One year ago, on the 14th of December, I decided to become an entrepreneur. After six years of work and passion (the sexy word) in one of Cameroon’s biggest FMCG, I quit. During six years, I had worked on nurturing epic brands, I had learnt great life lessons, built some strong friendships and felt I was ready to move on. It was a Monday, I woke up with a feeling of intense peace and renewed ambition.
Twelve months after, I feel privileged.I am privileged for the lessons, privileged for the additional experience, privileged for the hurdles
Twelve months after, I feel privileged. I am privileged for the lessons, privileged for the additional experience, privileged for the hurdles. One year as an entrepreneur and one year in the family business. Looking at it now, it was a quite crazy challenge: five months- pregnant, taking on two new jobs, one in a field where I had only limited expertise (custom broker and forwarding agent) and another where though I had the technical skills, I needed to manage everything (marketing consulting). Sexy, challenging on paper. In real life, essentially challenging. Below, five business tips learnt from this epic year:
1. Rigor is necessary
If you have no rigor, and have no budget to recruit, don’t try the entrepreneurship adventure especially in Cameroon. You need to be able to organize your time in the most efficient way to get results. On top of this, you must understand the administrative requirements related to the business you are investing it, even in the case you are outsourcing this bit.
You need rigor to build your canvassing plan, identify the people who you really need to meet, evaluate your network and craft the approach to transform good connections into possible customers.
Honestly, I initially missed the rigor. I was ready and willing but not fully conscious of the stakes. That initial lack of rigor led me into paying a huge fine for taxes, when I declared my company. Caught once, surely not a second time. Just imagine paying fines because you declared late and spending money which exceeds your cumulative gross profit. Rigor is a MUST.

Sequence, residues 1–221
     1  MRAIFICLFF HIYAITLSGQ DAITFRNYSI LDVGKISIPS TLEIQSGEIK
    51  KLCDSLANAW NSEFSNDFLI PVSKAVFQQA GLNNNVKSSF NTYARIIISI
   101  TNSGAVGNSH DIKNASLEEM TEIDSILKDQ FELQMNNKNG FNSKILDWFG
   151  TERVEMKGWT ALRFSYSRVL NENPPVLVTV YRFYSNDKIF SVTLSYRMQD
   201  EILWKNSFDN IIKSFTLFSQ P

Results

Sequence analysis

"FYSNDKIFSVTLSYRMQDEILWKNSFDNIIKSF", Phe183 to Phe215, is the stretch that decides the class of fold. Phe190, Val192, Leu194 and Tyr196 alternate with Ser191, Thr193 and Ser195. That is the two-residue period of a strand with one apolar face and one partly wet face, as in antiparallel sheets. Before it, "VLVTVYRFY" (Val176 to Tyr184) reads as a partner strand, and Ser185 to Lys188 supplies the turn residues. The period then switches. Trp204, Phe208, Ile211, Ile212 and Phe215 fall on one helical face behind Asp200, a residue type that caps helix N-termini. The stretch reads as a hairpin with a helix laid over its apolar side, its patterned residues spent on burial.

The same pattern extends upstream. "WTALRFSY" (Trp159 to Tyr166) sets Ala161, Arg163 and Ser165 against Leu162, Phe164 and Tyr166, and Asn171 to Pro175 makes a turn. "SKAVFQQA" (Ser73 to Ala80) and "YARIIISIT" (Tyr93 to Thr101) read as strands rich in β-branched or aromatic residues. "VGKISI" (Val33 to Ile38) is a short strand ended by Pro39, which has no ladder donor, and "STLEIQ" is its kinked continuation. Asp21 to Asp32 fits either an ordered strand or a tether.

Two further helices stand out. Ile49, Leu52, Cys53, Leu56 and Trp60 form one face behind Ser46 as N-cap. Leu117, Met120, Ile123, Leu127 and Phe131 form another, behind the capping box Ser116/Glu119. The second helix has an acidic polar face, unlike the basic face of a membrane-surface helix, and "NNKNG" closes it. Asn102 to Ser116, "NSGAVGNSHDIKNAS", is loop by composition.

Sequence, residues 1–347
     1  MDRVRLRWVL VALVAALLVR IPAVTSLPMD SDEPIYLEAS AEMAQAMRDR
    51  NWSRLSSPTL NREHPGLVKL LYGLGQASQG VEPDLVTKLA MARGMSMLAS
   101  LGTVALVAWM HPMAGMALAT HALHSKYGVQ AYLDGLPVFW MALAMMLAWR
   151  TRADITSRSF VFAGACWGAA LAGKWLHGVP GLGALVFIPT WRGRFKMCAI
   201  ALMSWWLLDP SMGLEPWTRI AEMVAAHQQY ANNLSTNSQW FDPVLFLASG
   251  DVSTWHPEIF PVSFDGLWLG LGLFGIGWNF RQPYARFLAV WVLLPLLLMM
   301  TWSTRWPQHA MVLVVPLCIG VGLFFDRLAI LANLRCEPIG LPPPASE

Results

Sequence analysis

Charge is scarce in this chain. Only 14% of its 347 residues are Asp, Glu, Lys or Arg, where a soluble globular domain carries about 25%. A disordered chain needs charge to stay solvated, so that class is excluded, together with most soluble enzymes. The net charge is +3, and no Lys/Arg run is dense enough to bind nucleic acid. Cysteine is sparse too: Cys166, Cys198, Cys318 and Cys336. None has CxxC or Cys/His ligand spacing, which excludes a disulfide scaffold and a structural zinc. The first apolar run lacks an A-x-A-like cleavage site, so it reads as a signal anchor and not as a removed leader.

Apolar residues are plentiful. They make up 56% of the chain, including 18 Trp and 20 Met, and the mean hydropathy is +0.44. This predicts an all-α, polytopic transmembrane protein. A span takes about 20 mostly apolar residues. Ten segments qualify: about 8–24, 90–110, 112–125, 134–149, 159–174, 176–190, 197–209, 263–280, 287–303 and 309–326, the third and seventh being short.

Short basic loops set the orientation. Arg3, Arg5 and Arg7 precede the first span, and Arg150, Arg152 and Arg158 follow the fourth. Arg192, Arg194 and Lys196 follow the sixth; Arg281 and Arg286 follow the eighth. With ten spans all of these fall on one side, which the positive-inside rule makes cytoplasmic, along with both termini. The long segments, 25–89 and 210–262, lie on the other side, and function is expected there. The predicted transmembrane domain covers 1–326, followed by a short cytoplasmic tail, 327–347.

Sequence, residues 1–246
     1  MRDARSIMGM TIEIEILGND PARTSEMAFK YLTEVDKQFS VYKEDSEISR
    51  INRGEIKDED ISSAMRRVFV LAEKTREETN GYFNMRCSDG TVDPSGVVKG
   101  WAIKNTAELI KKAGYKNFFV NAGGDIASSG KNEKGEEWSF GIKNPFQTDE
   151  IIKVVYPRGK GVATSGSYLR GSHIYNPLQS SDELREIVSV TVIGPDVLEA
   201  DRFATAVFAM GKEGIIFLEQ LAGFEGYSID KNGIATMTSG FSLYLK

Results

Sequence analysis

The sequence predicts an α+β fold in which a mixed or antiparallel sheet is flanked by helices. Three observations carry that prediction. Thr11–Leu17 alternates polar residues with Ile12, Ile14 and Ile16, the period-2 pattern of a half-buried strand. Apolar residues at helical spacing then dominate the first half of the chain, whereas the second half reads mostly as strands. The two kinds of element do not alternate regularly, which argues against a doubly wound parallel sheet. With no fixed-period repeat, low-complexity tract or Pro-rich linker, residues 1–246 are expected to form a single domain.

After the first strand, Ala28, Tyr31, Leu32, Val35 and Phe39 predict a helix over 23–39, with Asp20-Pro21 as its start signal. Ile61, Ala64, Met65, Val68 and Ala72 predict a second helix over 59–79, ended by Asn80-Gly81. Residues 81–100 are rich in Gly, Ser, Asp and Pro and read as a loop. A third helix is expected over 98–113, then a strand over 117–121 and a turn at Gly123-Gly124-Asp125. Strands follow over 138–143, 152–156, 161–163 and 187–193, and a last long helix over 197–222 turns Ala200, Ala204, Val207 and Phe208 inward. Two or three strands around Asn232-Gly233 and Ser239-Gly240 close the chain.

Rigor has been for me the best productivity tool. Indeed with rigor, you build reflex, you organize your assets, you file better, you work on your commercial reporting and progressively, you have better shots, you even create opportunities.
2. You need to adapt
You must be a chameleon, when you become an entrepreneur. Indeed, except you are very lucky with some great deals from Day 1 or in the case where you have some money to invest upfront, you need to be able to do everything yourself at least for a start. Even in the case where you can afford to delegate, you must understand the tasks for yourself first of all. Indeed, if you delegate taxes without understanding the requirements, you will be stolen.
Moreover, you need to adapt to different situations, different tones. When you are looking for customers (especially as custom broker, as importers are everywhere to be found), you need to find the right tone, get into the right environment and most of the times get out of your comfort zone. Working in the structured environment of a big company, you generally have a clear job description and can afford not to get out of it. Therefore, you may have to adapt to colleagues, but the transformation skills from one “job” to another that you need as an entrepreneur, these are not developed in the corporate world.